Step 5. Termination by combination where is the concentration of the initiator; is the kinetic constant for initiator decomposition; is the concentration of free radical of the initiator; is the concentration of monomer ; is the kinetic constant for the formation of the first polymeric radical ; is the first polymeric radical containing 1 mer of species 1; is the first polymeric radical containing 1 mer of species 2; is the kinetic constant for the propagation of polymeric radical containing the monomeric units (penultimate) and (terminal) with monomer unit ; is the growing polymeric chain containing the meric units and and species 1 at the active site (polymeric radical 1—); is the growing polymeric chain containing the meric units and and species 2 at the active site (polymer radical 2—); is the growing polymeric chain containing the meric units and and species 1 at the active site (); is the growing polymeric chain containing the meric units and and species 2 at the active site (); is the dead polymer chain containing mer units and ; is the kinetic constant of transfer of polymeric radical containing the monomeric units and to monomer ; and are the kinetic constants for termination by disproportionation and combination of growing polymeric radicals and , respectively; , , , and represent the total concentration of growing polymeric radicals; is the kinetic constant that characterizes the combined contribution of the termination by both disproportionation and combination (); and is the initiator efficiency.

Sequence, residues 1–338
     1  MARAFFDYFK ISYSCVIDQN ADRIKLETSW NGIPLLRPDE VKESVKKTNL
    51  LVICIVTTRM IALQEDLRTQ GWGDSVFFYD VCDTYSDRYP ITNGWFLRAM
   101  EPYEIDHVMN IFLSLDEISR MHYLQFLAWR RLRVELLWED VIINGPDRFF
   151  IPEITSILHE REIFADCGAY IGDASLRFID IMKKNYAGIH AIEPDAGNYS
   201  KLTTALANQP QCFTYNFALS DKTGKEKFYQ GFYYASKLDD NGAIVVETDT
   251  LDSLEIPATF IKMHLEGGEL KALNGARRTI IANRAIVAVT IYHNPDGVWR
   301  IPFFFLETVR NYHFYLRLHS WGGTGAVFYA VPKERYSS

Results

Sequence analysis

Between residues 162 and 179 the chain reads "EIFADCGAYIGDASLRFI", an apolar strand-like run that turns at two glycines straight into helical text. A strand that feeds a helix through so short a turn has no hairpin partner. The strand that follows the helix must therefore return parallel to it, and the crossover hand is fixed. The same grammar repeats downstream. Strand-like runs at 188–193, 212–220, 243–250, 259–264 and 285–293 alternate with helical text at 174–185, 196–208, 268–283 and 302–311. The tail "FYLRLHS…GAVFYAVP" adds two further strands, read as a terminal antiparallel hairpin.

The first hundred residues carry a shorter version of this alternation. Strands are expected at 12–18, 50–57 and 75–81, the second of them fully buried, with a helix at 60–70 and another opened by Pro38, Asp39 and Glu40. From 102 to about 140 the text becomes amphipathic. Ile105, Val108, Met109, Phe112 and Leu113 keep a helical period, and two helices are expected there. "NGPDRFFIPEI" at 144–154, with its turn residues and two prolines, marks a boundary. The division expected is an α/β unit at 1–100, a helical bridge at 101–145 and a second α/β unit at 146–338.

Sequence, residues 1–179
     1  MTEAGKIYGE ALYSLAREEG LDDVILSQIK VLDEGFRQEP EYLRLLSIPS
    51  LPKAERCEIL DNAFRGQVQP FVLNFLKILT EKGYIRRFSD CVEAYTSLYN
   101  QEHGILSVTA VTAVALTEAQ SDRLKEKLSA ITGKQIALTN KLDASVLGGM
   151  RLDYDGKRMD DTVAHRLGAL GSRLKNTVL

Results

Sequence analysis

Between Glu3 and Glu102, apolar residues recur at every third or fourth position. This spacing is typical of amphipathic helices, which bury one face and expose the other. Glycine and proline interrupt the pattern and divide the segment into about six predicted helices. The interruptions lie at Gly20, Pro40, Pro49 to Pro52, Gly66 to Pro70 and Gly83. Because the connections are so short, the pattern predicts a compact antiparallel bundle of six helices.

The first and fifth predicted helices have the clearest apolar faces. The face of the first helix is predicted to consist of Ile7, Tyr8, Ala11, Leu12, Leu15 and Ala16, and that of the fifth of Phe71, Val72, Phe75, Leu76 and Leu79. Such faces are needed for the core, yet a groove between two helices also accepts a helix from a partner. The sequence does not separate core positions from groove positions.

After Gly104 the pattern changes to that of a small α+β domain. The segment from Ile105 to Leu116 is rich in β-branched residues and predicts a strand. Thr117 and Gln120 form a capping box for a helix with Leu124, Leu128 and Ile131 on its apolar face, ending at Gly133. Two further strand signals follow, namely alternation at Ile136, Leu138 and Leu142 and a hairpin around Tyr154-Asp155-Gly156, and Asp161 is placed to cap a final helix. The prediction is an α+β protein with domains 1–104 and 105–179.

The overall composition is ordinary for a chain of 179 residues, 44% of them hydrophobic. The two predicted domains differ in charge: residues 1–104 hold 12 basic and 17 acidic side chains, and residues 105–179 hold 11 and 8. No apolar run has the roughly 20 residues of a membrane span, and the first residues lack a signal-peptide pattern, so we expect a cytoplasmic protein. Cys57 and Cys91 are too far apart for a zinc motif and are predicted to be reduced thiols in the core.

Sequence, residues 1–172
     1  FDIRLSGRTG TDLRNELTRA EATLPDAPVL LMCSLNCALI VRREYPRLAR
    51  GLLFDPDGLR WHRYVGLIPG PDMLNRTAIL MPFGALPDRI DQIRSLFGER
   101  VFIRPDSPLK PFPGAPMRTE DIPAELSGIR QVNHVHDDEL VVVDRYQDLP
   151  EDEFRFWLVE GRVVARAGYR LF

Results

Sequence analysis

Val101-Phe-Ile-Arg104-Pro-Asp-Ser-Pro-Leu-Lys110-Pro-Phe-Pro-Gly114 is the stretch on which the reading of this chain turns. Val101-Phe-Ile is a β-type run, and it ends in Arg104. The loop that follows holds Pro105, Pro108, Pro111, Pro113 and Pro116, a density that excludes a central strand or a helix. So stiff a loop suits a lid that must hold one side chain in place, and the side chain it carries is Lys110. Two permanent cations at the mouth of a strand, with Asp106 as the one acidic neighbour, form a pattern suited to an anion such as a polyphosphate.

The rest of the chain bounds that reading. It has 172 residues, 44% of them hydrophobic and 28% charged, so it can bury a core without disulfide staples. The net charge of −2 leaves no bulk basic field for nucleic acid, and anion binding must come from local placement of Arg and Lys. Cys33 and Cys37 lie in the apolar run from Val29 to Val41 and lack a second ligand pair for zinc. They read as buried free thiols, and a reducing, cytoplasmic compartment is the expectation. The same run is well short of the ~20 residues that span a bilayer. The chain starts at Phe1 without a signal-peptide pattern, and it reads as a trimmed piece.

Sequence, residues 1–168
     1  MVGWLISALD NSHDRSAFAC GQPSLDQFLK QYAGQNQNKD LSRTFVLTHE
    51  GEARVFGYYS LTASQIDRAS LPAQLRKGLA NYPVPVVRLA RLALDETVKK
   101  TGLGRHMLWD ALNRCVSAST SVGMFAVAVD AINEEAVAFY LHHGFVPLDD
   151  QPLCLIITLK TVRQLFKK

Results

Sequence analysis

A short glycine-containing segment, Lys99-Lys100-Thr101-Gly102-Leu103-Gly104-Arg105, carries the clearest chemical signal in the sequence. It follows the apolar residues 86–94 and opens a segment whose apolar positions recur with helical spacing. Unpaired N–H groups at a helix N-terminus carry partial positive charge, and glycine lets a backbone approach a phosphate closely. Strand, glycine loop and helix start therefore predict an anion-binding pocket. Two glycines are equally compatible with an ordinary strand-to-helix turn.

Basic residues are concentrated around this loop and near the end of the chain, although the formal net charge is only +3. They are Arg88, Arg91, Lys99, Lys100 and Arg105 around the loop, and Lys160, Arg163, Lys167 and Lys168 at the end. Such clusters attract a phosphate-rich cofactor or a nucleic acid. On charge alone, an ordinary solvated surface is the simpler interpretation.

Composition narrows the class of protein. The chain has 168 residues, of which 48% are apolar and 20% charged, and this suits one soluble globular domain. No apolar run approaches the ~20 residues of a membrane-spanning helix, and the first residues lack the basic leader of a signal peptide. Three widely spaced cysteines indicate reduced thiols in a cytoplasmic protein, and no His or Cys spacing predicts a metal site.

According to the proposed kinetic mechanism and assuming that the long-chain and quasi-steady-state hypotheses are valid for the polymer radicals and admitting that the propagation terms are much larger than the initiation, chain transfer, and termination terms, it is possible to write the following set of mass balance equations for the copolymerization process: where where is the reactivity ratio monomers and , is the radical reactivity ratios for growing polymer chain , is the cross-termination constant between polymer radicals and , and is the moles of monomer incorporated into polymer chains.

3. Results and Discussion

3.1. Styrene/Methyl Methacrylate Copolymerization